updated 7/26/2008 7:13:09 PM ET 2008-07-26T23:13:09

Republican presidential candidate John McCain is pledging support for a proposal to expand protections for disabled people under an 18-year-old landmark civil rights law.

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Speaking from Arizona by satellite to a disabilities forum in Columbus, Ohio, McCain said Saturday that revisions to the Americans With Disabilities Act must leave no doubt that it was intended to protect from any discrimination based on physical or mental disabilities.

The Supreme Court generally has exempted from the law's protection people with partial physical disabilities, as well as people with physical impairments that can be treated with medication or devices such as hearing aids.

"We must clarify the definition of a disability to assure full protection for those the law is intended to serve," said McCain, who was spending the weekend at his nearby northern Arizona getaway.

A month ago, the House passed a bill to extend protections to people who take medicine to control epilepsy, diabetes or cancer, or use prosthetic limbs. McCain, a co-sponsor of the 1990 law, said he intends to support a similar bill in the Senate.

McCain said blame for the narrowed scope of the law shouldn't be placed on the Supreme Court, but rather on Congress. "In all due respect, I would put the blame right back on us for not writing legislation that is strong enough and specific enough so that the Supreme Court wouldn't even have to consider these cases," McCain said.

Democratic presidential candidate Barack Obama, who was headed back to the United States from an international trip and didn't attend the forum, has said he supports the bill so that it could override court decisions that narrowed the law's scope. Democratic Sen. Tom Harkin, an Obama surrogate who helped write the 1990 law, also spoke at the forum.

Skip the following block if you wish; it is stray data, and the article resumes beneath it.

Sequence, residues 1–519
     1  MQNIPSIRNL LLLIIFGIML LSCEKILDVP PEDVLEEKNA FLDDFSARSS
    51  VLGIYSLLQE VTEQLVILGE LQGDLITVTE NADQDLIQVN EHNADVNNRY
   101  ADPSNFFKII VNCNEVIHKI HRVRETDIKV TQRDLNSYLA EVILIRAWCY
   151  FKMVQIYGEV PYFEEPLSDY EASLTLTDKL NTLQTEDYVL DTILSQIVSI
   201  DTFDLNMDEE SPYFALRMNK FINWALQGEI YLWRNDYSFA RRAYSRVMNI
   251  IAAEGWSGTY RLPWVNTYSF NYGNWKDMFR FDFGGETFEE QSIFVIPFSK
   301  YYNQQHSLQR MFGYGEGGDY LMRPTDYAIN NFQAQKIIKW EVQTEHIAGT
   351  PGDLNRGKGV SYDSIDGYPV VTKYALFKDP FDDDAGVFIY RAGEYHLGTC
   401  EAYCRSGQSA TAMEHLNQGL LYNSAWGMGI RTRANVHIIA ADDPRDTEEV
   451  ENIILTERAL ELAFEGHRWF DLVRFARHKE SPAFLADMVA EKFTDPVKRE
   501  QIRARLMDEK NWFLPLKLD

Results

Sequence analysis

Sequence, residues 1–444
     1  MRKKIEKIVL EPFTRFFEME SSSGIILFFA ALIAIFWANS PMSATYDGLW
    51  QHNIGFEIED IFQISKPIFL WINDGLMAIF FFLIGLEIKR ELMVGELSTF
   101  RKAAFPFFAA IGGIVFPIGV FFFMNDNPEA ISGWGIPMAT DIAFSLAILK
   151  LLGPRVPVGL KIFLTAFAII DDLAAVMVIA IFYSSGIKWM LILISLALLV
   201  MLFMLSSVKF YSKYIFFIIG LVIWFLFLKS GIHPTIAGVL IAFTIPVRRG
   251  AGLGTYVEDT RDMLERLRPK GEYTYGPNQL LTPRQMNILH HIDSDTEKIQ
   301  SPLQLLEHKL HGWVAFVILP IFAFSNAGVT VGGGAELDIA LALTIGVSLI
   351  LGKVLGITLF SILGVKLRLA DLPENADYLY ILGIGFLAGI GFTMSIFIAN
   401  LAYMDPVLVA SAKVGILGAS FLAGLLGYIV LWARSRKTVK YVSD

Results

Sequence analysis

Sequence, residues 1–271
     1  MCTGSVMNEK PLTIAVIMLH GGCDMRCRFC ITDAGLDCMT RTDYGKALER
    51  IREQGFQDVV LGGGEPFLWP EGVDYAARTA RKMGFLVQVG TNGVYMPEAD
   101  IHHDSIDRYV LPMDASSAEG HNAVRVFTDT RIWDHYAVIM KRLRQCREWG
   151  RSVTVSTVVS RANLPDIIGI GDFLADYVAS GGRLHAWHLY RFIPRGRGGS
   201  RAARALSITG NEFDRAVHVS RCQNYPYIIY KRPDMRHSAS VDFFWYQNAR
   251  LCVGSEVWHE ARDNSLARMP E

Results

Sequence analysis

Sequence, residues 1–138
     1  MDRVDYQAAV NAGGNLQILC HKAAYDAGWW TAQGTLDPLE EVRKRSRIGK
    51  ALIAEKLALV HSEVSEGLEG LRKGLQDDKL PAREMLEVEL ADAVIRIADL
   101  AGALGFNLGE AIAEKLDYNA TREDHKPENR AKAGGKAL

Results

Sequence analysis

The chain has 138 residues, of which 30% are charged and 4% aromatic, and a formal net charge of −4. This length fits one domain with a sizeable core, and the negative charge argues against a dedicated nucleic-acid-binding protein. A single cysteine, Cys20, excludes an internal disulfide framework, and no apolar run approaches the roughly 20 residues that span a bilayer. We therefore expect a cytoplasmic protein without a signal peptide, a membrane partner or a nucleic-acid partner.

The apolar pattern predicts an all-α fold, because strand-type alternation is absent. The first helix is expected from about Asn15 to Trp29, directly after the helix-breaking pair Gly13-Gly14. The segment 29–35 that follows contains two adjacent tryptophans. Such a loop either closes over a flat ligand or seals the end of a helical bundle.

Law's anniversary
The forum marked the anniversary of the law, which prohibits discrimination against the disabled in employment, public accommodations, transportation and telecommunications.

The event also was aimed at giving presidential campaigns an opportunity to flesh out their positions on disability issues and at highlighting a voting bloc that is often ignored, said Rebecca Panoff, spokeswoman for the American Association of People with Disabilities, one of the advocacy groups that organized the forum.

"Some people aren't registered (to vote), because they aren't engaged in the political process because they don't feel they are being addressed," Panoff said, noting that there are 37 million people with disabilities who are eligible to vote in the United States.

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